Deal in China rebel village Wukan welcomed

Villagers march in protest in Wukan on 15 December 2012
Image caption Villagers have been protesting in Wukan over what they say is a land grab for several months

Chinese state media has welcomed the apparent resolution of a high-profile stand-off over land seizures between villagers and local officials in Wukan.

The People's Daily praised provincial officials for negotiating with local people to resolve the row.

In an editorial, it blamed local officials for failing to address the villagers' "reasonable demands".

Meanwhile in a report on the row, China Daily said two local officials had been removed from their posts.

"Xue Chang, chief of Wukan Party committee, and village head Chen Shunyi have been removed from their posts for allegedly violating the laws in selling land to property developers," the newspaper said.

It also quoted Wang Yang, the Communist Party chief in Guangdong province, as saying the dispute was "accidental" but also "inevitable".

"This is the result of conflicts that accumulated over a long time in the course of economic and social development. We should take the problem into serious consideration and take effective measures to solve it," he reportedly said.

'Mediation needed'

Protests have been simmering in Wukan, in Guangdong province, since September and escalated after the death of a village negotiator in police custody.

The villagers say officials have sold off their land to developers and failed to compensate them properly.

They also want an investigation into the death of Xue Jinbo, who died on 11 December while in the hands of local police. Police say he died of a "sudden illness", but his family say he was beaten to death.

On Wednesday deputy provincial Communist Party secretary Zhu Mingguo met village representatives and reportedly reached an agreement.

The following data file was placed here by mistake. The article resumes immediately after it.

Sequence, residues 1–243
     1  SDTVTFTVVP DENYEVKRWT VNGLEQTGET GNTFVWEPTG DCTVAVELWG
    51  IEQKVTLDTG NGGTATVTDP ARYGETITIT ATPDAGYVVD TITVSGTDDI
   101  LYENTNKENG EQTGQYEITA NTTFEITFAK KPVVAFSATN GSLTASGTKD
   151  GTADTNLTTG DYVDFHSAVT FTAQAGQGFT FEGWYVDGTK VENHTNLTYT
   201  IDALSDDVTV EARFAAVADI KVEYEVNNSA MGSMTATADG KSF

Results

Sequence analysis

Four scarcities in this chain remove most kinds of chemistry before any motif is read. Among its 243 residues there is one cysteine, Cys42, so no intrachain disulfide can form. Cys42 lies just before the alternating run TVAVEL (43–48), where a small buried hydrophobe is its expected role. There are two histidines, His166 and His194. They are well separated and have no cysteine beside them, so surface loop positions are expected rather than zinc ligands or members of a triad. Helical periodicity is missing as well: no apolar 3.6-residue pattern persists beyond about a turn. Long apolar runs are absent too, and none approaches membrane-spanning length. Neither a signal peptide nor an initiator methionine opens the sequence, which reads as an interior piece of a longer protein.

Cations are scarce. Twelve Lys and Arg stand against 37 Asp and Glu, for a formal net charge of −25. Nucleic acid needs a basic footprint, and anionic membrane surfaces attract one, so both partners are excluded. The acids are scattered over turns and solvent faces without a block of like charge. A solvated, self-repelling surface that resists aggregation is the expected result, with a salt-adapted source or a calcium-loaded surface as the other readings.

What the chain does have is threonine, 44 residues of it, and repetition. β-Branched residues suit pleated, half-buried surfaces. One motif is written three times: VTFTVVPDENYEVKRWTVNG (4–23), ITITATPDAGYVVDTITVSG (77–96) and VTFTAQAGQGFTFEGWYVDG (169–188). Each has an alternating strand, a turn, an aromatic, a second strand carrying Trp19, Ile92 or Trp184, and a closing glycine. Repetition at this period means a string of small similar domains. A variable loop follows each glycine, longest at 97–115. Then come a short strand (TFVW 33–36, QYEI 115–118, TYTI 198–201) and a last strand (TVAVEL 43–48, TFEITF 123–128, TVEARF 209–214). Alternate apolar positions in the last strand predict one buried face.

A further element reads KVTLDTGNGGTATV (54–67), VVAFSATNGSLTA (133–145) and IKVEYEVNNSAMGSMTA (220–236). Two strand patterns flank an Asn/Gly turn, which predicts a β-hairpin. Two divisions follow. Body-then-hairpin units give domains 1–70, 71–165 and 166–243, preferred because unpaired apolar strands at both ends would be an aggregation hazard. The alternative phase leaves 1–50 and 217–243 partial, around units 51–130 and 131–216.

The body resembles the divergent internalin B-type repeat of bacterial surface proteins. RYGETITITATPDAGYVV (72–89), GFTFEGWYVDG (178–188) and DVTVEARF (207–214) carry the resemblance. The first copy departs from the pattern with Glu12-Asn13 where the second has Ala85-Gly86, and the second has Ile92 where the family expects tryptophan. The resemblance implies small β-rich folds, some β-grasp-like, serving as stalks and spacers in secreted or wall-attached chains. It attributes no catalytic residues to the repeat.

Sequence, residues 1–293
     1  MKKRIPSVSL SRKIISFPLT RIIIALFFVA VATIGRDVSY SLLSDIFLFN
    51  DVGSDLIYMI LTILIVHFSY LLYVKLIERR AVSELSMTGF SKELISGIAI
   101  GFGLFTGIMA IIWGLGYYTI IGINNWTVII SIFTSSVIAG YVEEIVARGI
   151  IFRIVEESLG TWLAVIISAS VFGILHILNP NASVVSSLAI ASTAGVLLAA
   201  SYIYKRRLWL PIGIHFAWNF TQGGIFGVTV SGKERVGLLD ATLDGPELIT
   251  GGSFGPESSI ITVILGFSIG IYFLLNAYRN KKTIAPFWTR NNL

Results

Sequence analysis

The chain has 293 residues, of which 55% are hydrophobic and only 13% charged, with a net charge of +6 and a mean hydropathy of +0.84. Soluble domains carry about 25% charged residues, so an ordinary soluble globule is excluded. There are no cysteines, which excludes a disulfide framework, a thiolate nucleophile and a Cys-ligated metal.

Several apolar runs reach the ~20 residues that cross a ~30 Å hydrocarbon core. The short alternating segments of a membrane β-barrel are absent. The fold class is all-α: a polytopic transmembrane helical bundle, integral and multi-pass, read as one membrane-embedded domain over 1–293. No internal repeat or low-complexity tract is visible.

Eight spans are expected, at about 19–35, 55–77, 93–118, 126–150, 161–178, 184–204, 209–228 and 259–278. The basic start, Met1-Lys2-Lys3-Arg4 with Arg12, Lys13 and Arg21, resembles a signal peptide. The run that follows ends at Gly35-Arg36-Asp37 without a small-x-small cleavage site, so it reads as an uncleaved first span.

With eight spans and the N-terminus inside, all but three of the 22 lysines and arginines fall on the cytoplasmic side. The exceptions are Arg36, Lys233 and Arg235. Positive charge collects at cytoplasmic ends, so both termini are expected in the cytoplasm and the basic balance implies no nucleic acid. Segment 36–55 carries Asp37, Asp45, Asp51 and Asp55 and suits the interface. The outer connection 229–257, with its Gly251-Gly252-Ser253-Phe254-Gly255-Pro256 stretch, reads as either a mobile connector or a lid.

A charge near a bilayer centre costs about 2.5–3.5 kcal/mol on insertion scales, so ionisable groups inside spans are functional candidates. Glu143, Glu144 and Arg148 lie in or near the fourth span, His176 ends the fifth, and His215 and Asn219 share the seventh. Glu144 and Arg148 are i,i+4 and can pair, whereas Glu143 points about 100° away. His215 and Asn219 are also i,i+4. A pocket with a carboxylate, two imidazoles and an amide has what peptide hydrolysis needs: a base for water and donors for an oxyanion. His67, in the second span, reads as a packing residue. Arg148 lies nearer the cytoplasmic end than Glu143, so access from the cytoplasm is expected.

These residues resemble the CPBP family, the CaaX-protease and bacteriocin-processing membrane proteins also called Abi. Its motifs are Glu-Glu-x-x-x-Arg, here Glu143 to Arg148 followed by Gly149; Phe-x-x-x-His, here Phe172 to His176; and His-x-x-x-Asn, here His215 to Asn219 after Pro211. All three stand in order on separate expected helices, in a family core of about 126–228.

The land deal has been frozen, China Daily said, and an investigation will be held. An autopsy will also be performed on the body of Xue Jinbo, and a group of village leaders detained by the authorities will be freed.

"The initial error of the local government in the Wukan incident was its failure to head the reasonable demands of the villagers, which escalated reasoned petitioning into excessive actions," the People's Daily editorial said.

The Global Times called for better regulation, saying: "China should speed up the process of setting up a judicial authority to deal with interest disputes such as land disputes. Laws and regulations should be improved and implemented decisively."

On Wednesday China's security chief, Zhou Yongkang, said efforts to resolve conflicts at the community level had to be improved.

"(We must) deepen our efforts to mediate conflicts and disputes, improving the system of mediation to resolve conflicts and disputes at the grassroots level and nip them in the bud," Xinhua news agency quoted him as saying in a speech.

There are thousands of protests over land grabs in China each year but the situation in Wukan has attracted considerable attention because of its longevity and scale.

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